Basic configuration and auto wiring

Syntax aside, what we’re basically doing is that we give StructureMap some abstraction and then give it instructions to be able to resolve what actual concrete implementation we want to use. So, using the same service example as above when we talk about the abstraction IConfiguration we actually want to use the concrete class Configuration.

After adding a reference to the StructureMap dll configuring this would in it’s simplest form look like this:

   1: ObjectFactory.Configure(x =>
   2: {
   3:     x.For<IConfiguration>()
   4:         .Use<Configuration>();
   5: });

 

And when we want our concrete implementation we simply ask the container for it

   1: var configuration = ObjectFactory.GetInstance<IConfiguration>();

 

If we’ve failed to configure how the container should go from the abstraction to concrete type SM throws a very friendly exception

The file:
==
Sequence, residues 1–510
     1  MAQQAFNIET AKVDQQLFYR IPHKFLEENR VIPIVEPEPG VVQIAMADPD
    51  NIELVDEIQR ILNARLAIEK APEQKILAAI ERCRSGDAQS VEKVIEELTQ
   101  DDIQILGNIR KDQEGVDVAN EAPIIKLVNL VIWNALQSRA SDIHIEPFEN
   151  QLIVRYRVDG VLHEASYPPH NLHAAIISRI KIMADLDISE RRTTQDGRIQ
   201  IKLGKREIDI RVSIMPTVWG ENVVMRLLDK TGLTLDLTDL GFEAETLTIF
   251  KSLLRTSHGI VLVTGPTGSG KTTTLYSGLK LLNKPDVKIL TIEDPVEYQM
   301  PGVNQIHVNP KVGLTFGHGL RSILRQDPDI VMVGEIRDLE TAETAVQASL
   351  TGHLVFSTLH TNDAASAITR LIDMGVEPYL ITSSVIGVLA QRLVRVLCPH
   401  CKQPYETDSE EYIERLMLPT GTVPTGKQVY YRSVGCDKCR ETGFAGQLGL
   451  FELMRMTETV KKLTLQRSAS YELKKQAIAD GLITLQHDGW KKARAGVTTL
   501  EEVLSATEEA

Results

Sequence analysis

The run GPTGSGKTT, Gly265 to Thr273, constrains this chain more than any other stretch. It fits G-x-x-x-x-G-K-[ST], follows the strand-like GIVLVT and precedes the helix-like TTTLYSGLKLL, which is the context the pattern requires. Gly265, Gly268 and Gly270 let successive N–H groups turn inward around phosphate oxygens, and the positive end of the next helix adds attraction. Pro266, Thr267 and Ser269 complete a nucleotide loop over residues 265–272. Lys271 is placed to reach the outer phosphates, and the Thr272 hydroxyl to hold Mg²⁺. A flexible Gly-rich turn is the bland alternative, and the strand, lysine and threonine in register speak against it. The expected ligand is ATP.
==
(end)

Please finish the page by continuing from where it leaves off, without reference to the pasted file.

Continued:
sm_exception

 

For debugging purposes it can also be very nice to see exactly what is in the container. This can be viewed by calling the (fantastically named) method WhatDoIHave like this

   1: string whatDoIHave = ObjectFactory.WhatDoIHave();

 

It’s tempting to think that to get our service (after configuring the dependencies we have) we would write code like this:

   1: var service = new Service(ObjectFactory.GetInstance<IValidator>(), // rest of dependencies here